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The Scientific World Journal
Volume 2015 (2015), Article ID 186501, 11 pages
http://dx.doi.org/10.1155/2015/186501
Research Article

Adsorption of Selected Pharmaceutical Compounds onto Activated Carbon in Dilute Aqueous Solutions Exemplified by Acetaminophen, Diclofenac, and Sulfamethoxazole

1Department of Biochemistry, Taipei Medical University, Taipei 110, Taiwan
2Graduate Institute of Environmental Engineering, National Taiwan University, Taipei 106, Taiwan
3Department of Energy and Environmental System Engineering, University of Seoul, Seoul 130-743, Republic of Korea
4Carbon Cycle Research Center, National Taiwan University, Taipei 106, Taiwan

Received 23 January 2015; Accepted 23 March 2015

Academic Editor: Esteban Alonso

Copyright © 2015 E.-E. Chang et al. This is an open access article distributed under the Creative Commons Attribution License, which permits unrestricted use, distribution, and reproduction in any medium, provided the original work is properly cited.

Abstract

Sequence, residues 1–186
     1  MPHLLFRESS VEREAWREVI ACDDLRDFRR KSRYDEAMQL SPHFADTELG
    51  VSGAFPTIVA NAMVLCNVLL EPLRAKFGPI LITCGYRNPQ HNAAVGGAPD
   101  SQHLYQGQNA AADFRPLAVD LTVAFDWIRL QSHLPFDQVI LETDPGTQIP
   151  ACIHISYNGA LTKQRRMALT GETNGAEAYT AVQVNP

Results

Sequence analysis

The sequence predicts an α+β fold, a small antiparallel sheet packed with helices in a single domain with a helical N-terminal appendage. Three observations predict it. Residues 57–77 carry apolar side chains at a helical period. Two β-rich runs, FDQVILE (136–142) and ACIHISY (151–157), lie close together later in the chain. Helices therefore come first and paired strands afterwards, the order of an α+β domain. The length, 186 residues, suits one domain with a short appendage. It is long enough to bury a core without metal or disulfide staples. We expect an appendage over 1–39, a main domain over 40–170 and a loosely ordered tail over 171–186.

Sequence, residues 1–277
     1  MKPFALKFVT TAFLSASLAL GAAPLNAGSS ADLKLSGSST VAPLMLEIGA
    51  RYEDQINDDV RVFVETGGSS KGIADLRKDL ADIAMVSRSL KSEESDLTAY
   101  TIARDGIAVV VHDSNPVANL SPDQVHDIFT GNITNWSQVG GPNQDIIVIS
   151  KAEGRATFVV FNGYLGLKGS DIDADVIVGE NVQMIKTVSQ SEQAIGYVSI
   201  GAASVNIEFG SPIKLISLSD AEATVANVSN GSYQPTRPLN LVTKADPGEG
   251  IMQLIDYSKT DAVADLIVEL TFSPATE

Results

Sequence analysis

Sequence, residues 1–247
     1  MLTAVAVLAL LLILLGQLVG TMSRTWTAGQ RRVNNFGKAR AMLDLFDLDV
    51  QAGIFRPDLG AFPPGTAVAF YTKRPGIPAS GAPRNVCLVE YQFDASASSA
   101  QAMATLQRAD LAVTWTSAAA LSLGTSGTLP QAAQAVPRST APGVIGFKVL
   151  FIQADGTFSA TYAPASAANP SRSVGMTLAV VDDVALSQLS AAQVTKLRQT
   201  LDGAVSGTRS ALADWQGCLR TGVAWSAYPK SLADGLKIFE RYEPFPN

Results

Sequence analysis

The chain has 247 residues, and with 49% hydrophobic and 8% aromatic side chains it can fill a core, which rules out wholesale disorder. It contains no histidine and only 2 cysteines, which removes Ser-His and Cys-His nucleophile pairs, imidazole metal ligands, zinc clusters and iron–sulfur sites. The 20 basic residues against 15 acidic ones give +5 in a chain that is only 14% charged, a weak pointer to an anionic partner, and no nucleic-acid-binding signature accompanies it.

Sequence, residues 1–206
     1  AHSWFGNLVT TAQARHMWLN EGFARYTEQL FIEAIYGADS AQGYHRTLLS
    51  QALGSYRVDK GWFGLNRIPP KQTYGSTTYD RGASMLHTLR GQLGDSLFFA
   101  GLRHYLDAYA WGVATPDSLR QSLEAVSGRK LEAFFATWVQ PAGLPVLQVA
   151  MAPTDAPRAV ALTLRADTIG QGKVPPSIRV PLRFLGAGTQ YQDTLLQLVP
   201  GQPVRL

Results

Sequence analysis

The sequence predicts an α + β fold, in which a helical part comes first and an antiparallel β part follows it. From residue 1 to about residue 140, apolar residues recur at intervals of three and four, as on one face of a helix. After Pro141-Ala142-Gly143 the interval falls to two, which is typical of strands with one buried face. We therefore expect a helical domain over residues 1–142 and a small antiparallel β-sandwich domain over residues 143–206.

The adsorption of three pharmaceuticals, namely, acetaminophen, diclofenac, and sulfamethoxazole onto granular activated carbon (GAC), was investigated. To study competitive adsorption, both dynamic and steady-state adsorption experiments were conducted by careful selection of pharmaceuticals with various affinities and molecular size. The effective diffusion coefficient of the adsorbate was increased with decease in particle size of GAC. The adsorption affinity represented as Langmuir was consistent with the ranking of the octanol-water partition coefficient, . The adsorption behavior in binary or tertiary systems could be described by competition adsorption. In the binary system adsorption replacement occurred, under which the adsorbate with the smaller was replaced by the one with larger . Results also indicated that portion of the micropores could be occupied only by the small target compound, but not the larger adsorbates. In multiple-component systems the competition adsorption might significantly be affected by the macropores and less by the meso- or micropores.